I do love this impromptu adventuring - getting out and about and exploring one's own backyard, so to speak.
Today's outdoorsy expedition took us to the Jack Harrison Park on the Wappa Dam, positioned west of Yandina in the Sunshine Coast hinterland. This dam was built in 1963 on the South Maroochy River and supplies drinking water to the interconnected supply network. The lake holds approximately 4694 megalitres of water at full supply.
The lookout at the Jack Harrison Park on Wappa Park Road, Kiamba, is an excellent spot to view the dam when it's spilling - unfortunately, we haven't had any recent rains, so this feature was just not happening. But, a return visit after the rains will definitely be on the cards.
Co-existing - a rooster and a guinea fowl - Image: Elaine de Wet
Wappa Dam and its surrounds provide a natural sanctuary to a multitude of native wildlife and forms part of an important wildlife habitat linking to Mapleton National Park. These native animals need to be protected, so alas, this is one outdoor activity our furry family members will need to stay home for. Perhaps if you tell them it's to protect the home, they'll be happy.
A variety of sheltered picnic spots are catered for at the Jack Harrison Park on the Wappa Dam with free barbecues and stunning views over the water and the dam wall. Seating is also plentiful throughout the park, enabling one to sit back, relax and watch the water wildlife ducking and diving.
Alongside the playground and picnic areas is an extremely colourful mural. The image was designed by a local artist, Colleen Heathwood who worked with more than two hundred and forty children from Yandina and North Arm State Primary School to paint the mural.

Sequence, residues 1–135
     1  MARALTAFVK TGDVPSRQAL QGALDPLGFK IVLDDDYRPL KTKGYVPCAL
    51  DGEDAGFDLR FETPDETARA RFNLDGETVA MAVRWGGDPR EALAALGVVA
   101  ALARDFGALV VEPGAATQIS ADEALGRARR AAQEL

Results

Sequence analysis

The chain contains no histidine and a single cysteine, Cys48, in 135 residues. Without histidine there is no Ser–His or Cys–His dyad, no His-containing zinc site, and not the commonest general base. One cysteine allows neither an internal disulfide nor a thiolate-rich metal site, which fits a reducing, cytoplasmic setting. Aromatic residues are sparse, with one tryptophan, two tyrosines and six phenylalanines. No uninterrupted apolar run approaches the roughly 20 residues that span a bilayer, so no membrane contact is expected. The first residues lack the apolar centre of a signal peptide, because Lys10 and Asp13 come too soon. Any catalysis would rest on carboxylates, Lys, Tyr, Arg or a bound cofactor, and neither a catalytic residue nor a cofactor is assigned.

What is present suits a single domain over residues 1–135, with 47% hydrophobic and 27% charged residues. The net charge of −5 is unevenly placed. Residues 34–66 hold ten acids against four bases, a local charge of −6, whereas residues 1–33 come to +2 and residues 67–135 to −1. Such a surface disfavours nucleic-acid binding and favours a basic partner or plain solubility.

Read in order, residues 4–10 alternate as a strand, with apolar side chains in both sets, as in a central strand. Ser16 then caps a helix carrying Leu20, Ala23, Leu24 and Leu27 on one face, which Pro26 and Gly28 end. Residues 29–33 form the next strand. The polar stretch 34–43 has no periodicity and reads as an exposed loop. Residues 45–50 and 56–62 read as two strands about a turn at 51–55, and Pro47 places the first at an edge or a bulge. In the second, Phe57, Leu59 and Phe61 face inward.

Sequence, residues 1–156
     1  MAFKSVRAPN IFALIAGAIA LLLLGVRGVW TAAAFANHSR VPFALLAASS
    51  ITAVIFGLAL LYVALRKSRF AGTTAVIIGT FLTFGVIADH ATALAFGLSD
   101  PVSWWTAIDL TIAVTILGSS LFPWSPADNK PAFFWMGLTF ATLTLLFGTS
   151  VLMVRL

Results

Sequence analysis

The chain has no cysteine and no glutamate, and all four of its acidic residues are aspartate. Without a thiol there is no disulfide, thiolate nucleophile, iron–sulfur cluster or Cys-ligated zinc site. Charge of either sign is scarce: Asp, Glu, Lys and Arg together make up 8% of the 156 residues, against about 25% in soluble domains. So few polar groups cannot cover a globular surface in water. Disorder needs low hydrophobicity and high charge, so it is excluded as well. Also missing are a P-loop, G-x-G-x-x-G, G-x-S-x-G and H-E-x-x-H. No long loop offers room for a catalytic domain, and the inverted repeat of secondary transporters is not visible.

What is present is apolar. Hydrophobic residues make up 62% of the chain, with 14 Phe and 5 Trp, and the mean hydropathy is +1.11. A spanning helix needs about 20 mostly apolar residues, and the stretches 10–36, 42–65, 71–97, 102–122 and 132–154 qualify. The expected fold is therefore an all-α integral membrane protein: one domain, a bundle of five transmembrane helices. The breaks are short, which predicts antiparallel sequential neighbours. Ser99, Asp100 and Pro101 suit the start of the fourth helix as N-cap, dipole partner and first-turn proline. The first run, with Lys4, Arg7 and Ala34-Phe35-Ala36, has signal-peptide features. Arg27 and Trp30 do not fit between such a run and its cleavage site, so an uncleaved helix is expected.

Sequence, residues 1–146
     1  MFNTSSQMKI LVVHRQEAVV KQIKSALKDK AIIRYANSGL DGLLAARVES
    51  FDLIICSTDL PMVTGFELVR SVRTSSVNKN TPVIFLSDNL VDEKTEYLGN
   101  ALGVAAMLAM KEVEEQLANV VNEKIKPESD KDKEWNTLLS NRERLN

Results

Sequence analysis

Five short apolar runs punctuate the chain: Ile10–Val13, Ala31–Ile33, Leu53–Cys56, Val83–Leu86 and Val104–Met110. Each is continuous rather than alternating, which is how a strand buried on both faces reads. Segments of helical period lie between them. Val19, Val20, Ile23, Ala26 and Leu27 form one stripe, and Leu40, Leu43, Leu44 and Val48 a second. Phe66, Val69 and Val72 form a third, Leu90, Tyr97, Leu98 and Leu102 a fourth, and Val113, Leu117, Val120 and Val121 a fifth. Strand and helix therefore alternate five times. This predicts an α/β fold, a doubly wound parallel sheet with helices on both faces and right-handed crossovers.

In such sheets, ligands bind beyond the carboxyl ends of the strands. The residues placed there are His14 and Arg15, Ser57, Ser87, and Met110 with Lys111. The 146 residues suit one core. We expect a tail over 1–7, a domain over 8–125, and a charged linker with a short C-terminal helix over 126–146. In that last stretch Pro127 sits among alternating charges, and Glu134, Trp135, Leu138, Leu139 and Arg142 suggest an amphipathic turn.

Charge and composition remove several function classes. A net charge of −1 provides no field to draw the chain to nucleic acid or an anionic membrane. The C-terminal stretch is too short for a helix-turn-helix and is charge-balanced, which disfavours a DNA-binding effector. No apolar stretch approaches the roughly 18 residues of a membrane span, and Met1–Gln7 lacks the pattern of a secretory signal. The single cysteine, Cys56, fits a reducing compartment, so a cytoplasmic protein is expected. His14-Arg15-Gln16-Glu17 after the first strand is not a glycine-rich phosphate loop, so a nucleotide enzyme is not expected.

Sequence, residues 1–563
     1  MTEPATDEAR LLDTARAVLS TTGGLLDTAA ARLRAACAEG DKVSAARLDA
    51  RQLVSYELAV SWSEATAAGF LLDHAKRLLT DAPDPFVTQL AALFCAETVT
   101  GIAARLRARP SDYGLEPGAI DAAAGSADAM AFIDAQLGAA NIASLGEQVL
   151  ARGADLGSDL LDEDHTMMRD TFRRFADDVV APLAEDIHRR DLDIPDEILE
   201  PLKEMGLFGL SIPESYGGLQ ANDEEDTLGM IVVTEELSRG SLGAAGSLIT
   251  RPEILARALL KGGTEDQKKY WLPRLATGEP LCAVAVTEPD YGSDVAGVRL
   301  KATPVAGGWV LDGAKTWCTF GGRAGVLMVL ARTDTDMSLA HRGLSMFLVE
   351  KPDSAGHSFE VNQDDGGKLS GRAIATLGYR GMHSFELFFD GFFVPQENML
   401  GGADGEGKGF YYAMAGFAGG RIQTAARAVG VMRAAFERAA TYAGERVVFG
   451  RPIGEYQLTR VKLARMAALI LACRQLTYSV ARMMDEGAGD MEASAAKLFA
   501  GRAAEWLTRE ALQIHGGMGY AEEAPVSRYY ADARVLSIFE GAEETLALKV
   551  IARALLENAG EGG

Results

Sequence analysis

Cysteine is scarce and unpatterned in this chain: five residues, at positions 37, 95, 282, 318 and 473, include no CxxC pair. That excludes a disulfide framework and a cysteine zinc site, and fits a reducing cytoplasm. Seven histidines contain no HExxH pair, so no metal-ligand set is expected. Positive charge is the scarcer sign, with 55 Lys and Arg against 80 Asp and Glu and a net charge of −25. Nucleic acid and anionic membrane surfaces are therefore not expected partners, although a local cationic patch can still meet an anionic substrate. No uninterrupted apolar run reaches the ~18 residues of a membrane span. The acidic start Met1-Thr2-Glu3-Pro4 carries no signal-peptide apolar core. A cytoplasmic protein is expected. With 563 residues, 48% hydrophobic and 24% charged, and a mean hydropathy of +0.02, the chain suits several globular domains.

A section of the very colourful Mural - Image: Elaine de Wet
'The mural is a visual story about our need to take responsibility to conserve water, keep our waterways clean and to always consider our native flora and fauna. This representation of the Maroochy River starts at the source in the mountains (rainfall and springs), flows through the country and ends at the sea. Local children painted themselves (via handprints and figures) into the mural to represent the future, education and co-operation on better water use not just for us but for all the natural world.' - Colleen Heathwood
Another section of the Mural - Image: Elaine de Wet
No boating access, no fishing and no swimming is permitted at Wappa Dam, but as mentioned in a previous article of mine, all these activities can be enjoyed at Maddock Park on Ewen Maddock Dam.
Tracks and Trails
One can enjoy a short walking trail from the Jack Harrison Park to Wappa Falls, which is in the adjacent Mapleton National Park. For the more energetic, one can access multi-use trails at the Cooloolabin Dam which runs through Mapleton National Park.
Unfortunately, there are no camping areas at Wappa Dam, but happy campers can access camping sites within the Mapleton National Park.
✖️4WD driving and motorbike riding;
✖️Dumping rubbish or littering;
✖️Hunting (of any form);
✖️Boating or Paddlecraft;
✖️Swimming, scuba diving or snorkelling;
✖️Taking off or landing of aircraft (including amphibious aircraft);
✖️Visiting outside of 6.00am and 6.00pm
Ducks enjoying the Hyacinth - Image: Elaine de Wet
While it would appear that there are a lot more 'dont's' than 'do's', this is a spectacular area, offering walking, wildlife and panoramic views. Pack that picnic basket, gather the family together and head off to Jack Harrison Park on Wappa Dam for a tranquil 'get-back-to-nature' family picnic.